In 1997, Nissan entered the R390 into the GT1 class at the 24 hours of Le Mans to compete against the CLK GTR and Porsche 911 GT1. During the race, the Nissans suffered gearbox issues with a best finish of 12th overall and 5th in class. To comply with homologation rules though, the R390 had to have a road-going version built. Just one was ever built, and it was never sold. Powered by a twin-turbo 3.5-liter V8, the R390 GT1 had outputs of 550 hp and was capable of a claimed top speed of 220 mph – though the claim was never tested.
The Mercedes-Benz CLK GTR was a uniquely developed FIA GT race car that was actually developed from a disused McLaren F1 GTR, before evolving completely into its own vehicle. It was further developed for Le Mans, and as a result of homologation regulations, 25 road-going cars had to be produced. The Straßen Version featured a 6.9-liter V12 with 604 hp, and held the Guinness World Record as the most expensive production car ever at a price of $1,547,620. 20 road going coupes were produced, with a further 6 roadsters specially manufactured by HWA.
The Porsche 962 was a sports-prototype race car built by Porsche and raced by numerous privateers in its time. In addition to enjoying much racing success, several privateers also used the 962 as the basis of a few road-going sports cars. The Schuppan 962CR was one such vehicle, built by Vern Schuppan to commemorate his 1983 victory at the 24 Hours of Le Mans. The mid-engined, rear wheel drive car of which just six were produced, was powered by a 3.3-liter flat-6 engine developing 600 hp. It utilized a carbon fiber monocoque produced by Reynard Motorsport and weight just over 2,300 pounds.
The Porsche 911 GT1 rivalled the CLK GTR and Nissan R390 mentioned above in the FIA’s GT1 class of racing. The carbon fiber bodied, tube-framed race car actually had nothing in common with the 911 road car, despite the naming convention and vaguely familiar styling. It dominated at Le Mans, winning its debut race there in the GT1 class. To comply with FIA rules, 25 road cars had to be built, dubbed the 911 GT1 Straßen version. The 3.2-liter twin-turbo flat 6 developed 537 hp in production form, and enabled the 911 GT1 to sprint from 0-60 in under 3.9 seconds.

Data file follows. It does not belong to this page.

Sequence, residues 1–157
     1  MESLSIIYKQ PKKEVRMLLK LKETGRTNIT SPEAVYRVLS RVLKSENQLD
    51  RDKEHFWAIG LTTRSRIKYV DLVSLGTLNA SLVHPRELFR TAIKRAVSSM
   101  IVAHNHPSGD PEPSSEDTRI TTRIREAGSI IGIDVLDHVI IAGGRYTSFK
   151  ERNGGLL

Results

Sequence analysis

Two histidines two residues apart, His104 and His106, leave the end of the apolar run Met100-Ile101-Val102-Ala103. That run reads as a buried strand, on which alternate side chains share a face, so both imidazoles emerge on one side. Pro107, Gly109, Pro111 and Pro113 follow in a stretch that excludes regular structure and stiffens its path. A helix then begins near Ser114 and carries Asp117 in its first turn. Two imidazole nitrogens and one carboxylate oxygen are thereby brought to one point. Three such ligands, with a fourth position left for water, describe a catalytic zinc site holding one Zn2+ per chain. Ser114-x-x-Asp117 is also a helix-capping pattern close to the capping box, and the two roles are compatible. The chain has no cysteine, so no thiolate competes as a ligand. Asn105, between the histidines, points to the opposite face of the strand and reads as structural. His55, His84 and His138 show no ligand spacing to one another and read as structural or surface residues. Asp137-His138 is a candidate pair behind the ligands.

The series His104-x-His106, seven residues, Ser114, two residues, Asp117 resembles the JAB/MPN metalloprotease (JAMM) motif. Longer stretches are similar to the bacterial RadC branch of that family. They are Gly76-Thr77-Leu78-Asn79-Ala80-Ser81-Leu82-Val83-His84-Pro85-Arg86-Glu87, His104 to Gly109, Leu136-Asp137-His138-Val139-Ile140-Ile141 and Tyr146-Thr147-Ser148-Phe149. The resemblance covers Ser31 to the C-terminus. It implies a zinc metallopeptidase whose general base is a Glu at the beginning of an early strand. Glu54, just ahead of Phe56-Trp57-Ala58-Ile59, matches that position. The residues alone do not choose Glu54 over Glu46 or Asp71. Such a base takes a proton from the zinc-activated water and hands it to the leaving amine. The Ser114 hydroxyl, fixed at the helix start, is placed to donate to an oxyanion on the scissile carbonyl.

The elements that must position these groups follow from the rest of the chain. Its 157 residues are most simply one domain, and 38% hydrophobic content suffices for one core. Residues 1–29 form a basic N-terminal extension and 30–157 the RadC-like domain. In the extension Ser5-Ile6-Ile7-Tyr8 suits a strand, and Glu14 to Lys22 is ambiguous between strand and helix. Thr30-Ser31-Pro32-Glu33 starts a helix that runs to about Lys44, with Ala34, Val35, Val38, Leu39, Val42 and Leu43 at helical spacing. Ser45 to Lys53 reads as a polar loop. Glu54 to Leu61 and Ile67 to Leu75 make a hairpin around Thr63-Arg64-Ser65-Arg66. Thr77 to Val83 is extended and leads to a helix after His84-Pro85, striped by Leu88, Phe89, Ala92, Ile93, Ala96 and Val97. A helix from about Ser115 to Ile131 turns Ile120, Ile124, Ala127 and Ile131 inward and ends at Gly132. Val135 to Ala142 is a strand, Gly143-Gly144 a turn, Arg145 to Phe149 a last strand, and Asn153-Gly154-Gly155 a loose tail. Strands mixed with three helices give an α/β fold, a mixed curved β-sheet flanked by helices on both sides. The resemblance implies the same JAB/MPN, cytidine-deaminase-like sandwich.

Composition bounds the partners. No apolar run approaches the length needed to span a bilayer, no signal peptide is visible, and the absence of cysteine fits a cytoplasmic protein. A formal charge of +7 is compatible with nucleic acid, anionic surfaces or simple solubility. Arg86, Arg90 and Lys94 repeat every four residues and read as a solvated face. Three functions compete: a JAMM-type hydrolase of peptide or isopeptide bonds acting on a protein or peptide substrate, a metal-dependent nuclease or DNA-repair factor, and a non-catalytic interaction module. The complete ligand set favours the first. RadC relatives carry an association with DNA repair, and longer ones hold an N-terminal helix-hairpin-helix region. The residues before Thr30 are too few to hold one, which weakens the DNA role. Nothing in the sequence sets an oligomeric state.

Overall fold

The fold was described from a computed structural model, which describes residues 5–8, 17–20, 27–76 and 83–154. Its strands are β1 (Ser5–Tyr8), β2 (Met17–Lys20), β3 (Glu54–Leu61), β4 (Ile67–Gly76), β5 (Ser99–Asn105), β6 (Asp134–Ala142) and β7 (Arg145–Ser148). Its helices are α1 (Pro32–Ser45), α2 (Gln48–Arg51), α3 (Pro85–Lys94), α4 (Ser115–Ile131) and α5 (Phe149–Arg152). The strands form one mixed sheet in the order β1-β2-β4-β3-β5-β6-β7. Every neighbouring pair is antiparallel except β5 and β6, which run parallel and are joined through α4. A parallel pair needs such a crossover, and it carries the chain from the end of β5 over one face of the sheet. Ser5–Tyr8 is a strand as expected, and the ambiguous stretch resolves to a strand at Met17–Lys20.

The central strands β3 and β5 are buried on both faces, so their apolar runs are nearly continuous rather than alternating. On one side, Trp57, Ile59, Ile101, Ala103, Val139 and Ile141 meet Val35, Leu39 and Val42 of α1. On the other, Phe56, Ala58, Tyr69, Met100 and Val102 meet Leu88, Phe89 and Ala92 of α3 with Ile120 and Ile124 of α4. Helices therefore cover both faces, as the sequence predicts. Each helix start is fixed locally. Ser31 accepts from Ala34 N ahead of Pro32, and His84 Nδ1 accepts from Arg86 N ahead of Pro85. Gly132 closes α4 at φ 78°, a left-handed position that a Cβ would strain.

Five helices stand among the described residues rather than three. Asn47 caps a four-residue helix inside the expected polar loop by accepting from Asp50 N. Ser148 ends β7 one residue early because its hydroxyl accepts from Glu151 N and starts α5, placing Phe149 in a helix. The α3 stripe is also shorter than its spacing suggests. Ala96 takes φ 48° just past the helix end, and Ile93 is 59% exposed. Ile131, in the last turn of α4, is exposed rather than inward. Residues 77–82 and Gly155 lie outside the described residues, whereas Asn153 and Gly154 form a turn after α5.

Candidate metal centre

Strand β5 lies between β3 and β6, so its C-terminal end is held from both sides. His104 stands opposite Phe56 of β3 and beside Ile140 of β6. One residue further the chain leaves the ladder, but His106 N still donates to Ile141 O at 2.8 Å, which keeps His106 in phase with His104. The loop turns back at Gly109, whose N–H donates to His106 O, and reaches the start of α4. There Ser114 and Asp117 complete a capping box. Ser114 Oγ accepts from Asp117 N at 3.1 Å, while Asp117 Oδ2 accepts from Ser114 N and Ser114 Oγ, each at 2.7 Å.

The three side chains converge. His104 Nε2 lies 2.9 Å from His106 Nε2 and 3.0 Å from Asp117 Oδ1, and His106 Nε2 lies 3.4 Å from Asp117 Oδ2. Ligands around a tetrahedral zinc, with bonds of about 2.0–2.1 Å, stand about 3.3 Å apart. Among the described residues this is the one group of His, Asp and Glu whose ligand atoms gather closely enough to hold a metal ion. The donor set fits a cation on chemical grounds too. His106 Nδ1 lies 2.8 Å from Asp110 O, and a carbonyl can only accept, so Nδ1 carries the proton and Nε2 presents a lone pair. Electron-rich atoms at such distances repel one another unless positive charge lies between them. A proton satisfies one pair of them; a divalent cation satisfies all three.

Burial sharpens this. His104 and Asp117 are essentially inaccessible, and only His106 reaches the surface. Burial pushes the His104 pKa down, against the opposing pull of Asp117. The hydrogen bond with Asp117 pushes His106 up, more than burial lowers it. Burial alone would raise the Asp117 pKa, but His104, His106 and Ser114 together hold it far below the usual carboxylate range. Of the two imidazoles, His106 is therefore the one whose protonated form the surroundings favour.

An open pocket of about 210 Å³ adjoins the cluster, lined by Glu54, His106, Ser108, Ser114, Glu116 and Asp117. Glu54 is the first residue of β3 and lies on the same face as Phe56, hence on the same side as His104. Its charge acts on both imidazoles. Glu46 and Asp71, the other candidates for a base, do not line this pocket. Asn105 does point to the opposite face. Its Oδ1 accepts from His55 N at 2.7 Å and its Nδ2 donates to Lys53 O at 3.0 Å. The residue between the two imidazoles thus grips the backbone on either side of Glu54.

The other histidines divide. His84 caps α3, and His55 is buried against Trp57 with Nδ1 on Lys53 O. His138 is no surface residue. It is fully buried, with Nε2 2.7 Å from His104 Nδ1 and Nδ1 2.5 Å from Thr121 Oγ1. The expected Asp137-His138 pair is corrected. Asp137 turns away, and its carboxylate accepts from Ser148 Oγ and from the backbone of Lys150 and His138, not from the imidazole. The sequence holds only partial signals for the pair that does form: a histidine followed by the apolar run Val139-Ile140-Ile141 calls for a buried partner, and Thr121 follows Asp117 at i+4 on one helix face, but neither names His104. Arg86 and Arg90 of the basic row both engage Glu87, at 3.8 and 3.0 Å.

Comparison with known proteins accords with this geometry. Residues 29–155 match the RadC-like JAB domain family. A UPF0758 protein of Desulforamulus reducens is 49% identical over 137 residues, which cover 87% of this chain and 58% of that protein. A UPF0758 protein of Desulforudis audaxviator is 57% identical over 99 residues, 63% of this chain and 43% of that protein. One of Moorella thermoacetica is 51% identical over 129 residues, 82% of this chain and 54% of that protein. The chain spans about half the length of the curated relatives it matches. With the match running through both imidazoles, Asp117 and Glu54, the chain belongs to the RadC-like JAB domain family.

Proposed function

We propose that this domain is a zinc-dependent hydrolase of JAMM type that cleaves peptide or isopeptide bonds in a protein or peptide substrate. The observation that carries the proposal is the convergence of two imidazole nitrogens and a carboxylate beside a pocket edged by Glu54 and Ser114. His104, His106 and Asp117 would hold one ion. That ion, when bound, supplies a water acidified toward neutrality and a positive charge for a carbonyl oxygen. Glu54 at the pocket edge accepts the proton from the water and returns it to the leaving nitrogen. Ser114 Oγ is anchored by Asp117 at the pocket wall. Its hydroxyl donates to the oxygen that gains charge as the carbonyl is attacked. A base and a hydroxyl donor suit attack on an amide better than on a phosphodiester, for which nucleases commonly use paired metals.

Only on Aston Martin has ever carried the ‘Le Mans’ nameplate. Built to honor the 1959 Le Mans victory, the Virage V8 Vantage was launched in 1999 and limited to just 40 units to celebrate the 40th anniversary of the original win. It featured a 5.3-liter supercharged V8 that developed massive figures of 604 hp and 600 lb-ft of torque. Bodywork was customized for the Le Mans models, as was the interior, but all that was overlooked in favor of the fact that the V8 Vantage Le Mans could top out at 200 mph.
The last entry on this list makes an appearance for all the wrong reasons as the weakest tribute to Le Mans just about ever. Ahead of the 2014 edition of the 24 Hours of Le Mans, Audi unveiled a special edition version of the A1 sub-compact city car. Built to commemorate Audi’s dominance of the race, the limited edition small hatch featured no performance upgrades at all, and was merely decked out with specialized side sills, and diffusers, sport tail pipes, and a range of R18 decals and red accents.
The only notable nod to Le Mans were the signatures of Audi’s winning drivers on the top corner of the rear window, and the number 378 displayed to represent the number of laps the winning 2013 car completed. As far as tribute models go, the A1 R18 Le Mans was pretty weak – thankfully we never got any in the USA.